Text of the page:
Vomiting in infancy is a common problem and often is difficult to solve on clinical grounds alone. Without resolution, these infants eventually are referred to radiology, and in this regard, they may be imaged with an upper GI series, ultrasound of the stomach, or nuclear scintigraphy. In this article, the authors discuss the kind of information each study provides, and which test to use for a given clinical scenario.
is a Fellow in the Department of Radiology and
is Professor of Radiology and Pediatrics and Director of
Pediatric Radiology, both at the University of Texas Medical
Branch in Galveston, TX.
omiting in infancy is a common problem and often is difficult to
solve on clinical grounds alone. Usually the first therapeutic
measure consists of changing the infant's formula, but many times
multiple changes are required, and the infant continues to vomit.
Without resolution these infants eventually are referred to a
radiologist for evaluation, and in this regard, the following
imaging choices are available: 1) an upper GI series, 2) ultrasound
of the stomach, and 3) nuclear scintigraphy. However, before any of
these studies are ordered, one should be aware of what kind of
information each provides and when each should be used.
What causes vomiting?
--There are many causes of vomiting, and while the majority are
mechanical in origin and referable to the gastrointestinal tract,
vomiting also can occur with certain metabolic diseases, neurologic
diseases, and infections such as sepsis, pneumonia, and meningitis.
Inflammatory diseases of the gastrointestinal tract also cause
vomiting, and the most common problem is gastroenteritis, usually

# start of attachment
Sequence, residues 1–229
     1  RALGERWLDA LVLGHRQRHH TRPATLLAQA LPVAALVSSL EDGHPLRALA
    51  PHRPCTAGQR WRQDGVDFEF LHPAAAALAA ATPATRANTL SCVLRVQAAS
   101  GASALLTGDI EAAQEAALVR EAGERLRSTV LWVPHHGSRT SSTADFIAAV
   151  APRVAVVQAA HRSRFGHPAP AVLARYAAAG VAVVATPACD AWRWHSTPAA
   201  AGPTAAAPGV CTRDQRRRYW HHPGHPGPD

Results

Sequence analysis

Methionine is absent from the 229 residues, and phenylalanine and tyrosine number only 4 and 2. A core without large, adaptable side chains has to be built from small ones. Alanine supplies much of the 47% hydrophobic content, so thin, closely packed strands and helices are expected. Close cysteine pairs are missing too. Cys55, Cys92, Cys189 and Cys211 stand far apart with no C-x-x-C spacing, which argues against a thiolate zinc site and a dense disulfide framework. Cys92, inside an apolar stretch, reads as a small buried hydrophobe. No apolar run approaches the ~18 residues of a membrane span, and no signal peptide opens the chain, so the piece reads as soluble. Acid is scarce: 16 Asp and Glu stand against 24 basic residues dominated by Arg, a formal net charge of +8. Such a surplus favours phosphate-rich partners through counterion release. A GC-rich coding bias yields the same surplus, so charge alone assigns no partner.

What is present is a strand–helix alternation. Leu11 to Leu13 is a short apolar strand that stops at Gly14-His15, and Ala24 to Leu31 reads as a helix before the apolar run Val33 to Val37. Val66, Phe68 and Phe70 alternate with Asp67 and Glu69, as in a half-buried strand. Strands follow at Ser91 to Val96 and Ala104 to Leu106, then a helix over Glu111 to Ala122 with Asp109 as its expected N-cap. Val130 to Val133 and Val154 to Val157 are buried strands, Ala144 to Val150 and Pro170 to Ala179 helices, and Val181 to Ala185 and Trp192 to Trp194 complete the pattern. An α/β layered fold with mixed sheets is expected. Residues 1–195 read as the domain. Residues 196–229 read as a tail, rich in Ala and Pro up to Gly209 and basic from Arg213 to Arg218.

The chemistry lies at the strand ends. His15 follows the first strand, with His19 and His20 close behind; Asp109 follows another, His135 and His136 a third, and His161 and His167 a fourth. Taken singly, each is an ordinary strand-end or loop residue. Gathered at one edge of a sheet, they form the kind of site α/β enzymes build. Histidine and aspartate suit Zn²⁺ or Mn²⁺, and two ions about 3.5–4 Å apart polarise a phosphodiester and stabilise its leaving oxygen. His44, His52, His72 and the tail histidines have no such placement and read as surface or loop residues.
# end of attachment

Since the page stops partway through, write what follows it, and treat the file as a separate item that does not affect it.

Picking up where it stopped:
of a viral origin. In other cases vomiting can be due to
obstructions secondary to problems such as intussusception, delayed
midgut volvulus, and underlying congenital bands or stenoses, but
overall, the most common cause of chronic vomiting in infancy is
gastric in origin and centers around pylorospasm, pyloric stenosis,
and gastritis. Infants with these conditions can be examined with a
variety of imaging modalities, and exact choices and sequences may
vary from institution to institution. In our institution, however,
ultrasound of the stomach, and specifically the antrum, has proven
to be the most useful initial, and usually only, study to be
performed. Indeed, it is the mainstay of the investigation of these
patients for it is the most direct way to identify the underlying
If vomiting is present, does one need to demonstrate
--Very often a radiologist will receive a request for an imaging
study, usually an upper GI series, with the following inscription:
"patient vomiting, spitting up, please rule out reflux". This,
however, is a contradiction, for if the patient is vomiting,
regurgitating, or spitting up, then the patient is refluxing.
Therefore, there is no need to perform an upper GI series or any
other imaging study to demonstrate that this is occurring. It is
more important to determine why the patient is refluxing. In other
words, is there a gastric outlet or duodenal obstruction, or is the
problem simple chalasia with a normal antrum? The latter is
diagnosed after exclusion of a gastric or duodenal obstruction, and
in our institution ultrasound has proven most useful for
accomplishing this task.